If you’ve taken a mindfulness course, good start! You know over eight classes there can be shifts in your thoughts, actions and speech. You also know it’s not a quick fix and that the Ninth Class is the toughest! So to help with the rest of your practice life, here’s a collection of books that we recommend to support, boost and sustain your practice!

Mindfulness Starts Here: An eight-week guide to skillful living by Lynette Monteiro & Frank Musten. Now you didn’t think I would miss a chance to prop up our own book? If you’ve taken the 8-week program at the OMC, this is a great way to extend your practice. It also helps to come to the monthly Alumni groups! Nuff said. Let’s get on to the books you really need to get for yourself!

Leaves Falling Gently: Living fully with serious life-limiting illness through mindfulness, compassion & connectedness by Susan Bauer-Wu.  This is likely my all-time favourite. Bauer-Wu is an expert in the field of pain, oncology and mindfulness. The book is infused with compassion and an open-hearted approach to the vagaries of chronic pain. The exercises are easy and helpful, realistic and encouraging. The sections on the impact of chronic illness on memory, attention, emotions, etc. is invaluable. This book also is unstinting in its honesty about life-threatening illness and offers opportunities to change our rigid stance to the reality of living and dying.

The Practicing Happiness Workbook by Ruth Baer. This is a terrific book that brings together Dr. Baer’s skills as a clinician, methodical approach as a researcher and clear understanding as a mindfulness practitioner. I loved the set-up of the workbook because it … well, it works. Start with a nice pithy overview and then jump in at your own pace. The second section explores four very important traps that can derail our practice:  rumination, avoidance, emotion-driven behaviours and self-criticism. The section following on mindfulness skills is clearly written and I truly appreciate the inclusion of values and goals. The chapters are punctuated with stories about people with whom we can identify and the worksheets are very user-friendly. It makes me happy just to read it!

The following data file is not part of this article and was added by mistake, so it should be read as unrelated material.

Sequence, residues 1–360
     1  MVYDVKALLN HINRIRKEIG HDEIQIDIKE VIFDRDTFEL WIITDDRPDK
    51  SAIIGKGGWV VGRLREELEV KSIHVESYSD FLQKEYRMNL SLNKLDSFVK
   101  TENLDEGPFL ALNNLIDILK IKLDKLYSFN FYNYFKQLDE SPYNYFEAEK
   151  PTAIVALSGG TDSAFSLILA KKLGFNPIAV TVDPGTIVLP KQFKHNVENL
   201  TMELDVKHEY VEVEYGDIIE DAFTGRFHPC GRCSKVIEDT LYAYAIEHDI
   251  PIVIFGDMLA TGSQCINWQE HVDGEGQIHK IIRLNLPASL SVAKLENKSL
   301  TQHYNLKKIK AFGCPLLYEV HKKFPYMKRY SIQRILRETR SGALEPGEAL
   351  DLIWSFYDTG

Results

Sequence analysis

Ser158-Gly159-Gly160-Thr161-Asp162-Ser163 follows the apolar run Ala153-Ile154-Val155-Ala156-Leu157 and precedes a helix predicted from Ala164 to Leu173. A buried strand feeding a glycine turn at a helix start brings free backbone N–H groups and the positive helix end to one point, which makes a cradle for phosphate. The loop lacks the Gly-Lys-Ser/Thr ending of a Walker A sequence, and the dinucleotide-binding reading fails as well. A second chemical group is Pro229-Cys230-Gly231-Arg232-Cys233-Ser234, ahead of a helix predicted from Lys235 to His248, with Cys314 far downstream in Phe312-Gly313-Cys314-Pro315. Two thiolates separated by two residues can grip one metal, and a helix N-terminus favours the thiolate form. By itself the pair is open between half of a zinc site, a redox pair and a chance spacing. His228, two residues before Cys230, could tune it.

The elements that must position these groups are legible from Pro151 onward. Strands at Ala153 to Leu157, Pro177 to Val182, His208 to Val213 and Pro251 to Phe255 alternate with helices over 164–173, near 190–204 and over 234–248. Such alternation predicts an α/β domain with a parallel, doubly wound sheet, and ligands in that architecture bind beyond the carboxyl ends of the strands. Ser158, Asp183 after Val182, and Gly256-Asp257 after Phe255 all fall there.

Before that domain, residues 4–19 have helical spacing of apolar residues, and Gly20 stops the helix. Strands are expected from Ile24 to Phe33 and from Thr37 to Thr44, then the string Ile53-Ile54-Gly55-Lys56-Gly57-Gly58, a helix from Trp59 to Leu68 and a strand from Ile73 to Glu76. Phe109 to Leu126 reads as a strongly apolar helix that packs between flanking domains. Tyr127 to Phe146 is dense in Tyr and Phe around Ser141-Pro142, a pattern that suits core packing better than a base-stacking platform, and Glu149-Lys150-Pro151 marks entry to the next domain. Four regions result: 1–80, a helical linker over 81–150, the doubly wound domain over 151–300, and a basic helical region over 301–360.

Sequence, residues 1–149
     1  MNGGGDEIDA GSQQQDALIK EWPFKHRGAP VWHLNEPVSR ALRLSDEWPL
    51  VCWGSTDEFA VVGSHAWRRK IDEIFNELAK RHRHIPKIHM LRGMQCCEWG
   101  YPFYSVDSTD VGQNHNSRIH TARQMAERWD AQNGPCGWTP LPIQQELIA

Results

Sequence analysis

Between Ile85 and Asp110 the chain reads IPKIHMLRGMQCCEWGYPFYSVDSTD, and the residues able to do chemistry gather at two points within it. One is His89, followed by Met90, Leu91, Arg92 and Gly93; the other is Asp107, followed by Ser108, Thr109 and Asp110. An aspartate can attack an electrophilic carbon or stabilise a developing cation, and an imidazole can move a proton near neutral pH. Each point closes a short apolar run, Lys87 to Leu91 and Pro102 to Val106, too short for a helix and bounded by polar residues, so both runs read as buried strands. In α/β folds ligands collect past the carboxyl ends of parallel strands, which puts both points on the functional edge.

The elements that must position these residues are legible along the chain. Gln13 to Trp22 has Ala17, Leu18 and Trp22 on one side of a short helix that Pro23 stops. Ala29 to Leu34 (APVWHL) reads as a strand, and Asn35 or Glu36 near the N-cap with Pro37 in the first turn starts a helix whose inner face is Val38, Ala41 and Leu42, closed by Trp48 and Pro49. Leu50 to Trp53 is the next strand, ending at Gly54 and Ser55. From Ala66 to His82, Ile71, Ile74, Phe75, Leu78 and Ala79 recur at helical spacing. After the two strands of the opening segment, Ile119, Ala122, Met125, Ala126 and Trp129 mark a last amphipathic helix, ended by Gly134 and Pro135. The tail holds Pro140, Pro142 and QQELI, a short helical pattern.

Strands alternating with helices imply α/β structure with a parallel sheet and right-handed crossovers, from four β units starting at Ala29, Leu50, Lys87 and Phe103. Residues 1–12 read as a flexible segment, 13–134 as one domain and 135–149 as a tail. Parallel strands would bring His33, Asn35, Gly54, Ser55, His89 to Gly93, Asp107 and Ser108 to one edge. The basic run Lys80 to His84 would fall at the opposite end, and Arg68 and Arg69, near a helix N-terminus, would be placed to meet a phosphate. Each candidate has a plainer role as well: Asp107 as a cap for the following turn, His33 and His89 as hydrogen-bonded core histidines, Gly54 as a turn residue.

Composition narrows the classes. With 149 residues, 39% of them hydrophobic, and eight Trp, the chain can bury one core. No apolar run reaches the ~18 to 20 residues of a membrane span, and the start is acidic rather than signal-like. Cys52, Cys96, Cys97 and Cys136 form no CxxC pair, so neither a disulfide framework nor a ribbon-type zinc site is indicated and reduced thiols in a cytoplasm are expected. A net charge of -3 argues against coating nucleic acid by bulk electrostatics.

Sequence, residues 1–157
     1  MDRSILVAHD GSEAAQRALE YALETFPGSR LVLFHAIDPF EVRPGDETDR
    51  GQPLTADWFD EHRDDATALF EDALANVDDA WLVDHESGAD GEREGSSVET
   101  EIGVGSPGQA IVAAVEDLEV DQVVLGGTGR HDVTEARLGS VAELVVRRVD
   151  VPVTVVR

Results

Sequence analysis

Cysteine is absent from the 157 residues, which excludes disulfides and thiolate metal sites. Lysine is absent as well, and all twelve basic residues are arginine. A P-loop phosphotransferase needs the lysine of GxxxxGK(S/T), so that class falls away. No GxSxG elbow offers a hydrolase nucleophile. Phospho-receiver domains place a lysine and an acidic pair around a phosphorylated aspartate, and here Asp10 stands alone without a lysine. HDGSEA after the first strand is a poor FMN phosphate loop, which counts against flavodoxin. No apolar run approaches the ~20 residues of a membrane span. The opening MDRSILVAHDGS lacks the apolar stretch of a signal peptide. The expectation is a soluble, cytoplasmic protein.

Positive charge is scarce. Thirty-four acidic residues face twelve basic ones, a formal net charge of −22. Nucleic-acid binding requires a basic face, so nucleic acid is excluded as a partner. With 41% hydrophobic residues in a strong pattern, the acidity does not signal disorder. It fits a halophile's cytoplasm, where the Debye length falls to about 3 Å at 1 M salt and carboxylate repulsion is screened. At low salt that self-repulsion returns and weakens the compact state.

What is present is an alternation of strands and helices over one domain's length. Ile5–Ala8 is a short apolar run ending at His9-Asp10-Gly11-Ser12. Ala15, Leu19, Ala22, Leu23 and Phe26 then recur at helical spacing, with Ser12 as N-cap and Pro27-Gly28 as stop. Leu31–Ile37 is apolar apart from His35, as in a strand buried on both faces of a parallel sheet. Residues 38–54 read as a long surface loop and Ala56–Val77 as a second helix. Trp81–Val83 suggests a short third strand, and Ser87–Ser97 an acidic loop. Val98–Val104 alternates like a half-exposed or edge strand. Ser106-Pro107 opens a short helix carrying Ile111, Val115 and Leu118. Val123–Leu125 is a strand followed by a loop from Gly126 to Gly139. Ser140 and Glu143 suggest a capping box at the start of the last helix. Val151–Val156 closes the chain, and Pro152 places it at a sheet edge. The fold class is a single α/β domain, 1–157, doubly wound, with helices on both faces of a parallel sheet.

Hardwiring Happiness: The new brain science of contentment, calm, and confidence by Rick Hanson. Neuropsychologist Rick Hanson is well-known for his ability to pull together neuroscience and psychological mind states in a way that is immanently understandable by most of us non-neuroscientists. There are so many catch phrases used in the mindfulness circles that originate with his teachings and in his books! Velcro for bad/Teflon for good, HEAL yourself, metaphors for resilience and vulnerability, the list is endless. What is important though is his ability to explain why we act the way do and how this is hard-wired. The section “Paper Tiger Paranoia” is my favourite and has helped me out of many a flight reaction! Mostly, in this book, we get to practice the ways in which to make changes to those survival instincts and hard-wire responses to experiences that sustain and help us. If you find this book helpful (or if you’re curious), also try his new program called Foundations of Well-Being which is a year-long on-line program and worth taking.